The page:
USS Gambier Bay In-Box Review

Blue Water Navy's 1/350th scale aircraft carrier

Reviewed by Jeff Herne

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(Photo courtesy of Blue Water Navy)

The 50 ships of the Casablanca class escort carrier saw action in all theatres of WWII.  They were used in a variety of roles, from Hunter Killer operations against German U-boats in the Atlantic, to providing air support for amphibious operations in the Pacific. Unable to keep pace with the larger fleet carriers and Independence Class Light Carriers, they were relegated to support duties, and later in the war, used to ferry aircraft to remote island bases. Built on the hull of the Maritime Commission S4-S2-BB3 hulls (Liberty Ships), these sturdy little ships played a major role in eliminating the U-boat threat, and freed up the larger fleet carriers from support roles.

Blue Water Navy's Kit

The Gambier Bay kit has been around for some time, and ironically, doesn't seem to garner as much attention as other BWN kits. The kit's quality is very good, and a cursory glance into the box reveals a kit that looks like it will be a fun build.


The hull is a two piece, well cast resin part. It allows the modeler to choose between full hull and waterline, but my sample did have some heavy overpour which will need to be removed. This is a typical 'complaint' of most companies that cast two piece hulls, and it's unavoidable. Detail on the bow and stern is quite good.

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Flight Deck

Detail on the flight deck is good, with finely engraved planking, expansion joints, and tie downs. On both the bow and stern, the underside of the flight deck is detailed. Since the detail on the flight is so fine, it's nearly impossible to see in photos, but trust me, it's there.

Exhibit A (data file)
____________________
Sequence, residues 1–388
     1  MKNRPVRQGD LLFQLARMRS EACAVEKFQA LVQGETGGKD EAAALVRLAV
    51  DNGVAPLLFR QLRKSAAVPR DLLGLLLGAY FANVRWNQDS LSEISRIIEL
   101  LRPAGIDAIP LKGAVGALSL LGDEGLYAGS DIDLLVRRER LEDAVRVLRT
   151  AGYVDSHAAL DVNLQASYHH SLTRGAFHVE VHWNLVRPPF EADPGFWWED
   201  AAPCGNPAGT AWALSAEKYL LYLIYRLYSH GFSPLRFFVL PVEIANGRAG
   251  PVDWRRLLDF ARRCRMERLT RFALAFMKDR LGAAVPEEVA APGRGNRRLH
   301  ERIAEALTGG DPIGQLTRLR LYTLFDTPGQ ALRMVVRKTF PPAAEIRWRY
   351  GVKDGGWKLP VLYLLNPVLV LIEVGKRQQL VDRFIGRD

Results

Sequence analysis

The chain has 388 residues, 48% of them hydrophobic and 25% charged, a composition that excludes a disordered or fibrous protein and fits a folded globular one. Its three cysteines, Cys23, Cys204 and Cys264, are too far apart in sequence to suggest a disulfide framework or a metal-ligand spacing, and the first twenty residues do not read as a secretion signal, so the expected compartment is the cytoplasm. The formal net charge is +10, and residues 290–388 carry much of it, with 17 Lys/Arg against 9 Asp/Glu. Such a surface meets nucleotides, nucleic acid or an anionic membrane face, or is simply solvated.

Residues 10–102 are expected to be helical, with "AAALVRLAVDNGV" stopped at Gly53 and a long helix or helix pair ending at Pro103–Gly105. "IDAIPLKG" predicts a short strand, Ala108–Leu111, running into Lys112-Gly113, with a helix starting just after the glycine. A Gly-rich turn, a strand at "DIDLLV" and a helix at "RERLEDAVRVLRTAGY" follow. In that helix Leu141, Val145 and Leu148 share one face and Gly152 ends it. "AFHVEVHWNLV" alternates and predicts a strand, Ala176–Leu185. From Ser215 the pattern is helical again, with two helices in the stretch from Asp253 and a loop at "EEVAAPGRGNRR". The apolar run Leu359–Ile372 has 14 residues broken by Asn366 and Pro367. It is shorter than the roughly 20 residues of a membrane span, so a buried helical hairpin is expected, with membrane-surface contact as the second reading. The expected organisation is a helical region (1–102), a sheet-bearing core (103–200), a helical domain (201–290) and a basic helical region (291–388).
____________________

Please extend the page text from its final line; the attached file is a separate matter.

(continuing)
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Parts details are well done, but the Gambier Bay herself is not an overly complex ship to begin with. The island is a single piece cast resin part, and all of the catwalks and gun galleries are provided. The white metal detail parts are up to the usual BWN standards, crisp and well detailed. An added bonus in my kit was injected molded plastic 1/350 40mm guns, a nice touch from the far more fragile resin parts, or the heavy-handed white metal parts.

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The Casablanca Class carried 16 aircraft, usually a mixed bag of TBFs and Wildcats. The examples in the kit are dated, although well detailed. My example lacked the folded wing Wildcats, but the TBMs included 4 folded wing examples. A serious carrier modeler will probably opt to use the Trumpeter TBFs and F4Fs, while retaining the Blue Water Navy photoetched gear and props. All is not lost, however, as these aircraft well look perfect on the hangar deck of any of the new Trumpeter kits, or even below decks on Blue Water's Hornet, Enterprise, or Yorktown kits. My examples appeared to be cleaner cast than those that appear on the BWN website (BWN photos are black background).

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    Photoetched Brass

One of Blue Water's finer points are their photoetched detail parts. Back when everyone else was using single etched parts, Blue Water was using relief etching to enhance the detail of their parts. This still holds true, as their brass parts are still some of the finest around. Included are rails, ladders, platforms for the island, radar, 20mm guns, and various support braces for the island, flight deck, and gun galleries.

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In Conclusion

This model is a must-have for Jeep-carrier enthusiasts. Due to the minimal variations within the class, it's possible to build all 50 ships by changing the radar arrrays (SC, SC-2, SK, SK-2) and hull numbers. In addition, this wide variety allows the modeler to choose from dazzle, Measure 21, or Measure 22 paint schemes. It's a straightforward, detailed model that is well suited to novice modelers with some experience in working with resin and photoetch. The suggested retail price is $249.00, making it a bit pricey when compared to some of the other plastic carriers on the market, but so far, this is the best example of the 'Baby Flat-tops' available.

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Recommended Materials:

Anatomy of the Ship: USS Gambier Bay by Al Ross

Escort Carriers of WW2 by Stephan Terzibaschitsch

US Aircraft Carriers: An Illustrated Design History by Norman Friedman

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